John Updike's Pennsylvania Interviews
Updike remains both a critical and popular success; however, because Updike asked that his personal letters not be published the only way that Updike scholars and fans can read more of the author’s candid and insightful remarks is to revisit some of the many interviews he granted—most of which are difficult to locate or obtain. Updike wrote about his home town of Reading in Berks County, Pennsylvania for much of his adult life, setting most of his early fiction and all of his award-winning novels in his home state. In John Updike’s Pennsylvania Interviews, James Plath has compiled the first collection of interviews that illustrates and helps to explain the bond between one of America’s greatest literary talents and his beloved Pennsylvania.
Included in this volume are interviews and articles by Mark Abrams, Leonard W. Boasberg, Carl W. Brown, Jr., David Cheshire, Marty Crisp, Sean Diviny, John Mark Eberhart, William Ecenbarger, Elizabeth Greenwood, Ruth Heimbuecher, Dorothy Lehman Hoerr, Jim Homan, Tom Knapp, Karen L. Miller, Steve Neal, Richard E. Nicholls, Sanford Pinsker, James Plath, Bruce Posten, Carole Reber, Pamela Rohland, Carlin Romano, Daniel Rubin, Stephan Salisbury, Charles R. Shaw, Ellen Sulkis, Heather Thomas, Stanley J. Watkins, Michael L. Wentzel, and Robert F. Zissa.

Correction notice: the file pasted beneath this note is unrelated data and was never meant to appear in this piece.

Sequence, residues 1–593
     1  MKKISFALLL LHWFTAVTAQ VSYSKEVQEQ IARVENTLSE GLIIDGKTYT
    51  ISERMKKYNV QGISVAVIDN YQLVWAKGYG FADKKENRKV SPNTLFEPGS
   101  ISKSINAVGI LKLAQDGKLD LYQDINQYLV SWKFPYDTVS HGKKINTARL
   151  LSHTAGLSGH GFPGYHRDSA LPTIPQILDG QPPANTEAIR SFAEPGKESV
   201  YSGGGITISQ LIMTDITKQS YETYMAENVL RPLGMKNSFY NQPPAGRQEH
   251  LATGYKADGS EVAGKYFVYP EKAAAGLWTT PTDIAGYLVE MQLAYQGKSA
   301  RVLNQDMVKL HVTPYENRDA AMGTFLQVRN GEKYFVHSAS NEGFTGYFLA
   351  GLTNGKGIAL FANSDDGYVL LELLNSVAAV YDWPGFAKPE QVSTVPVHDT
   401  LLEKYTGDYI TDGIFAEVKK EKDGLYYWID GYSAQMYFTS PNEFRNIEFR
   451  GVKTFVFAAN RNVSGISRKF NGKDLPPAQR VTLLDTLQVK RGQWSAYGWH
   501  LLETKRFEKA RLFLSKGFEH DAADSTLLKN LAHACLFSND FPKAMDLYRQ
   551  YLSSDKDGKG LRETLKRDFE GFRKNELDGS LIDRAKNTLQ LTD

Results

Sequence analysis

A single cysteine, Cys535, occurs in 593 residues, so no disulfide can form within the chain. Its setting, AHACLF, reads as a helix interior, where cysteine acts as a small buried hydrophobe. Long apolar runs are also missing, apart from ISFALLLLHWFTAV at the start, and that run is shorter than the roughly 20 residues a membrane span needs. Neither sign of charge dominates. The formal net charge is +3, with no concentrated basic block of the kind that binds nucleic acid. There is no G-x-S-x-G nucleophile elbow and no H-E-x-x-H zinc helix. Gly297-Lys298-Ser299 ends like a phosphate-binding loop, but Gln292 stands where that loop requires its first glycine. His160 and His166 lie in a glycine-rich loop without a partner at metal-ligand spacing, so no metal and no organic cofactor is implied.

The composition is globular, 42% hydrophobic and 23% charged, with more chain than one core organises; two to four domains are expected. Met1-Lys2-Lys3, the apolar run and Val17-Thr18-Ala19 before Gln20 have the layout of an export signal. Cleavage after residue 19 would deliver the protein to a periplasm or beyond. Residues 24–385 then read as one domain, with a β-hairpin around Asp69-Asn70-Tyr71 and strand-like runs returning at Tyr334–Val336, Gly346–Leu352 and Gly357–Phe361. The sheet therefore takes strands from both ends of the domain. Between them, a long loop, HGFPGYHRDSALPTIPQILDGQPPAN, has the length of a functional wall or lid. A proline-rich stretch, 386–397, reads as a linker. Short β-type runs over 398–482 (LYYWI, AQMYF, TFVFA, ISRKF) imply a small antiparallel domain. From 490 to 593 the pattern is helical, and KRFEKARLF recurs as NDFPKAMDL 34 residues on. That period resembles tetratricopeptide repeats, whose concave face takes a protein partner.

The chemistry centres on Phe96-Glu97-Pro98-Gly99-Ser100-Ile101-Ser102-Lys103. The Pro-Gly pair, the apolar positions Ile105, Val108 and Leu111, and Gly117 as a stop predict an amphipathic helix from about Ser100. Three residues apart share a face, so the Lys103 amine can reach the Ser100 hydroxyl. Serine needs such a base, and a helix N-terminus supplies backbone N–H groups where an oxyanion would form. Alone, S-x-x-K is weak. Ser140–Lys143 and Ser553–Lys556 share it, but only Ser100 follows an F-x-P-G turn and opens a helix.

James Plath is one of the premier authorities on John Updike's work and days. Professor Plath's earlier book, Conversations with John Updike, is the most quoted book in Updike studies. I have no doubt that Native Son: John Updike's Pennsylvania Interviews will be equally invaluable to our understanding of the great and complex writer.
— Donald J. Greiner, Carolina Distinguished Professr of English, Emeritus, University of South Carolina
Once again, Jim Plath delivers a deeply engaging and important collection of Updike interviews. Stitching together 44 profiles and interviews conducted by a range of figures–Terry Gross, local journalists from the Reading Eagle, a high school student–Plath, who adds his own introductory and concluding observations, proves a knowledgeable and emotionally invested guide. Native Son will appeal not only to general readers, academics, and students, but to those interested in listening to a writer who could string together sentences as beautifully as any figure from American literature. In taking its author back to the state he left in 1950, Native Son is a homecoming story that casts a spell and radiates with Updike’s life-long affection for Pennsylvania. Plath has been a major player in Updike studies, and his latest effort should be required reading for those wishing to know more about the wunderkind from Shillington.
— James Schiff, University of Cincinnati
James Plath has given Updike enthusiasts an indispensable record of Updike’s remarks to Pennsylvania interviewers. They reveal not just Updike’s renowned fluency but his inimitable charm and suave wit, making Native Son a sheer delight as well as a richly informative volume. Plath’s commentary provides a fine guide to his exploration by offering thematic links within the interviews. He proves that Updike was more open and revealing to Pennsylvania interviewers than those beyond his native state.
— Jack DeBellis, Lehigh University
John Updike claimed his ‘artistic eggs were hatched’ in Pennsylvania, which makes Native Son, James Plath’s collection of his Pennsylvania interviews, essential reading for understanding Updike. The state occupied a vital place for Updike across his star-studded career. Plath reveals this connection with interviews that span four decades, both adding to the scholarly record and providing readers with new insight into Updike’s enduring significance.
— Bob Batchelor, University of Miami